Fort Bend County makes changes to sales, use taxes developers pay

Residential development companies that purchase more than $800,000 annually in materials for homes they build in unincorporated areas of Fort Bend County will now pay use taxes instead of sales taxes for the materials.

Residential development companies that purchase more than $800,000 annually in materials for homes they build in unincorporated areas of Fort Bend County will now pay use taxes instead of sales taxes for the materials.

Fort Bend County enacted a change to its sales and use taxes after approving a resolution and multiple interlocal agreements during March 12 and 26 Commissioners Court meetings.

The program requires residential development companies that purchase more than $800,000 annually in materials to pay a use tax instead of a sales tax when they build in unincorporated areas of precincts 1, 2 and 3.

A sales tax is paid at a shop where an item is purchased, and a use tax is paid where the item is used, according to the Texas Comptroller of Public Accounts.

For Fort Bend County’s program, a development company will obtain a sales tax certificate that indicates to a wholesaler that the development company will pay the use tax instead of the sales tax, said Precinct 3 Commissioner Andy Meyers, who represents the Katy and Fulshear areas.

The new program is meant to give Fort Bend County the sales tax revenue that would likely have been collected by the city of Houston or the Metropolitan Transit Authority of Harris County when developers buy materials for homes that will be built in Fort Bend County, Meyers said in an interview.

He estimates Fort Bend County will collect an additional $1 million annually in revenue from the program to spend on local public projects, such as law enforcement and transportation, once the program is set up and fully functioning.

“[Developers who build in unincorporated Fort Bend County] purchase almost their entire supplies and materials and fixtures, etc., from the large wholesale operations in the city of Houston,” Meyers said at the March 12 Commissioners Court meeting. “So they’re currently paying a tax to the city of Houston and paying a tax to METRO, and neither one of those entities provide any services whatsoever to the people [of Fort Bend County].”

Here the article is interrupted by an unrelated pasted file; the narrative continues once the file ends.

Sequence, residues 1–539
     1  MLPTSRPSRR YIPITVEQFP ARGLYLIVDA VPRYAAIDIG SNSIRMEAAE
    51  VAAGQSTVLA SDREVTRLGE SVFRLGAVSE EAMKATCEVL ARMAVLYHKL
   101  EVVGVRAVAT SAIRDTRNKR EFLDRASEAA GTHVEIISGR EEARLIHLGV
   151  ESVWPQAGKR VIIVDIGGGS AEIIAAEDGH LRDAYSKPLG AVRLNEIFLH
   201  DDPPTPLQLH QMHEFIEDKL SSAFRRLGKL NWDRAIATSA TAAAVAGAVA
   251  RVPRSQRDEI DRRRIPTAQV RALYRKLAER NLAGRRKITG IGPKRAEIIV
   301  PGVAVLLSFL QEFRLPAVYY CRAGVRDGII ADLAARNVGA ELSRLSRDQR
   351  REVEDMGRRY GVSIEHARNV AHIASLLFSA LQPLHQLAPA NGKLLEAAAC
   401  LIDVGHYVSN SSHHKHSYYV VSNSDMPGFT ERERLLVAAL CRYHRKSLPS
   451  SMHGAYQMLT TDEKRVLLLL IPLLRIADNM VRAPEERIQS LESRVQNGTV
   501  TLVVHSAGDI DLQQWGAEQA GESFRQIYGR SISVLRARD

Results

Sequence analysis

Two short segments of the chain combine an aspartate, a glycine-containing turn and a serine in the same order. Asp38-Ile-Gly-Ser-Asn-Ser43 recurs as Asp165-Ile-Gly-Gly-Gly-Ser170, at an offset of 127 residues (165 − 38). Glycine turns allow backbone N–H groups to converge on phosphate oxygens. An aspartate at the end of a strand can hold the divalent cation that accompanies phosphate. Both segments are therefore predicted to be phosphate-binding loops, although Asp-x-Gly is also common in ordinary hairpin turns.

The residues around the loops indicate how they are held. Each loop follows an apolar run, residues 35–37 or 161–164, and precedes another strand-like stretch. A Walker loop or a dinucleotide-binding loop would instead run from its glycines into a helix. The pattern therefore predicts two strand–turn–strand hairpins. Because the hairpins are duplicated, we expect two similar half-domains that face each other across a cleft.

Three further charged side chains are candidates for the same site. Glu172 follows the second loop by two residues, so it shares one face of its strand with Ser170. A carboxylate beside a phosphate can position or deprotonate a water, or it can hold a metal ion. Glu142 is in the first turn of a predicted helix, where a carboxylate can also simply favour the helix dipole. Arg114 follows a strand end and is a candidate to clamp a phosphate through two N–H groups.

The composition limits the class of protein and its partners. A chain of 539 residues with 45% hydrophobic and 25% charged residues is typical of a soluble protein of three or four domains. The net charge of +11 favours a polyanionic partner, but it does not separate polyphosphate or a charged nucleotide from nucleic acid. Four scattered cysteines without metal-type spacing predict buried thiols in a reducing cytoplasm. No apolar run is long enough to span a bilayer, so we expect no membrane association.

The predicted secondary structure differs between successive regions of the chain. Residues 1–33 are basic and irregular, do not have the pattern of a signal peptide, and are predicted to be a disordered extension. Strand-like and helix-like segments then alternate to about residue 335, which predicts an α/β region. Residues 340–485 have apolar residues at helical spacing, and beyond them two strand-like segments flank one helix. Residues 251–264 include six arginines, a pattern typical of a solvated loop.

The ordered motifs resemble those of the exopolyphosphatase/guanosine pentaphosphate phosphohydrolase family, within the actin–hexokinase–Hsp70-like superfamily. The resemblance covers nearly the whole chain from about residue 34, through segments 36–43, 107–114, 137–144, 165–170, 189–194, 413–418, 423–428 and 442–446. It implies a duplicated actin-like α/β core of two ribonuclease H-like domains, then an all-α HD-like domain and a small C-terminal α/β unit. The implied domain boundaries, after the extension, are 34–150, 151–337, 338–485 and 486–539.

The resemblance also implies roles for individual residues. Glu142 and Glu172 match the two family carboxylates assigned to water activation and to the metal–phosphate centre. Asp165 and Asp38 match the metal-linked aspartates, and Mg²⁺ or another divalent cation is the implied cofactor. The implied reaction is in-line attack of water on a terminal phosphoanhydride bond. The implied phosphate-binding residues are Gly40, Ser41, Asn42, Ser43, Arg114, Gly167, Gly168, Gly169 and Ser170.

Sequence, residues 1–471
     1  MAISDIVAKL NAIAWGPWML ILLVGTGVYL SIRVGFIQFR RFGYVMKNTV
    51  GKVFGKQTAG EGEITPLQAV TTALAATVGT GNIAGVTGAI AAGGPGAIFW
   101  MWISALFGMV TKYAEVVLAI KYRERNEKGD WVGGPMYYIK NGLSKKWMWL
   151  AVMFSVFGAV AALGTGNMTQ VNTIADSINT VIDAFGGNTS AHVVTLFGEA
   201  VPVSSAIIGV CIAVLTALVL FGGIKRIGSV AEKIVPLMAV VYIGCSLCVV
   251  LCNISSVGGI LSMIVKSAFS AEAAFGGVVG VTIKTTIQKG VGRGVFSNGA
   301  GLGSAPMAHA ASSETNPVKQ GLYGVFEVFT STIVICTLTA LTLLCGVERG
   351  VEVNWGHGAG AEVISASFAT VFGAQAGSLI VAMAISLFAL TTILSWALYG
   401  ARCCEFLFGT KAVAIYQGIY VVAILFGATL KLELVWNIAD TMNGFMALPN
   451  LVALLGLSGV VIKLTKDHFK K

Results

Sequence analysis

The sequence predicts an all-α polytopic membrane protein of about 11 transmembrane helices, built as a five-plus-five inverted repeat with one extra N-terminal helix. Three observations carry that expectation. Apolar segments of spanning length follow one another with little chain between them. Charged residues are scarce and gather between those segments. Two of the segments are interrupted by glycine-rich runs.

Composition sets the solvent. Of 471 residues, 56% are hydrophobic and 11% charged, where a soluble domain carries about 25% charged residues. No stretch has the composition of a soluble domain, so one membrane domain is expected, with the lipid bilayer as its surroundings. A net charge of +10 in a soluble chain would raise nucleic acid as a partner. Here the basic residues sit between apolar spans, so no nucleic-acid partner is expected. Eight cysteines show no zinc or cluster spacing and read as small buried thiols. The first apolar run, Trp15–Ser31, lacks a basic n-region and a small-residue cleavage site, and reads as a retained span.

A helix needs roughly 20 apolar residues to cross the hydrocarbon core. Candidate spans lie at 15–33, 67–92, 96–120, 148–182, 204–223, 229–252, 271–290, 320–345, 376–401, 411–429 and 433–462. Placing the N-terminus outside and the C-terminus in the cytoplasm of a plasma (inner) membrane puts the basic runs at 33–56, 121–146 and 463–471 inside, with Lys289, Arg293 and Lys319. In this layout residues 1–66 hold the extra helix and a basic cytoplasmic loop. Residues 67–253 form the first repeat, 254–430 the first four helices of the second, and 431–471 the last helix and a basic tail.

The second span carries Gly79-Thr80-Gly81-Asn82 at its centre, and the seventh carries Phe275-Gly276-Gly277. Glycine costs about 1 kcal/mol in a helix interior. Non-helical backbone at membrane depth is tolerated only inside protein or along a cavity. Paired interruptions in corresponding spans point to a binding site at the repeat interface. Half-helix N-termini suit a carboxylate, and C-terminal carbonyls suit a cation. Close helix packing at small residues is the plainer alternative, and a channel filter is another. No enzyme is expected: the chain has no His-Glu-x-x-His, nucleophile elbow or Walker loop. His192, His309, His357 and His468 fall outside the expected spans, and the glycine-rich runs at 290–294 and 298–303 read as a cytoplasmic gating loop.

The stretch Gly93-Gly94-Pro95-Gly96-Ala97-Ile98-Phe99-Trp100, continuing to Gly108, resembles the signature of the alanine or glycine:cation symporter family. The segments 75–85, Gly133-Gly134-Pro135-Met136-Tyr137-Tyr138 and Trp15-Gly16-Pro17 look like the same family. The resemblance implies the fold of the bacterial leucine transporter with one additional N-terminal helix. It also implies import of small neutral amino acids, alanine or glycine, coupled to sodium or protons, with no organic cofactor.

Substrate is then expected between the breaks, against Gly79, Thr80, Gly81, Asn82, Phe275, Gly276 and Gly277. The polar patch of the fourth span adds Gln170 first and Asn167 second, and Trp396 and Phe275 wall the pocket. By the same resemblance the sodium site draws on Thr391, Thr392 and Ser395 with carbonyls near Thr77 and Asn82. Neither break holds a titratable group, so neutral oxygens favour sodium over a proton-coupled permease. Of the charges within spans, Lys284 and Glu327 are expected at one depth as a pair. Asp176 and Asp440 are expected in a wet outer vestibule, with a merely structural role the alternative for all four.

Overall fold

However, Precinct 4 Commissioner Ken DeMerchant said he disagreed with Meyers.

“That’s not what I’ve heard,” DeMerchant said at the March 12 meeting. “I’ve talked to developers, and they buy local.”

DeMerchant expressed other concerns about the program. He said he feared Precinct 4 would not be a benefit because the area is nearly built out. He also questioned how the county would be able to manage such a program.

“[Developers] buy in bulk,” DeMerchant said at the March 12 meeting. “You don’t know where those materials are [going]. … They have subcontractors. There’s a lot going on. And it’s distributed out all over the place. You’re going to have a hard time figuring out when it’s bought and where it’s actually used.”

DeMerchant asked that Precinct 4, which covers areas of Sugar Land and Missouri City, be removed from the program, which the court agreed to and amended the resolution and interlocal agreements. He also abstained from voting on resolution and voted against the interlocal agreements.

The county has employed the law firm Smith, Murdaugh, Little and Bonham LLP to oversee the program by notifying and educating developers about it and helping them fill out the proper paperwork to the Texas comptroller.

Meyers said he did not have an estimate for the cost to operate the program. In fact, Fort Bend County is the first Texas county to do this type of program, though many cities have similar programs, he said in the interview.

Although this program is meant to entice developers to build in Fort Bend County, it does not provide any financial benefit to them, Meyers said in the interview.

“Our deal does not rebate any funds to the builder at all, so there’s no financial money that they get,” he said. “They do get the intangible benefit [in which the county] we can go out [to their development] and build parks, [add] more law enforcement and improve roads and put in signals and things of this nature with the funds that certainly are beneficial to the community as a whole.”
By Jen Para
Jen joined Community Impact Newspaper in fall 2018 as the editor of the Katy edition. A graduate of the University of Missouri School of Journalism, Jen has written about business, politics and education. Prior to CI, Jen was the web producer at Houston Business Journal.


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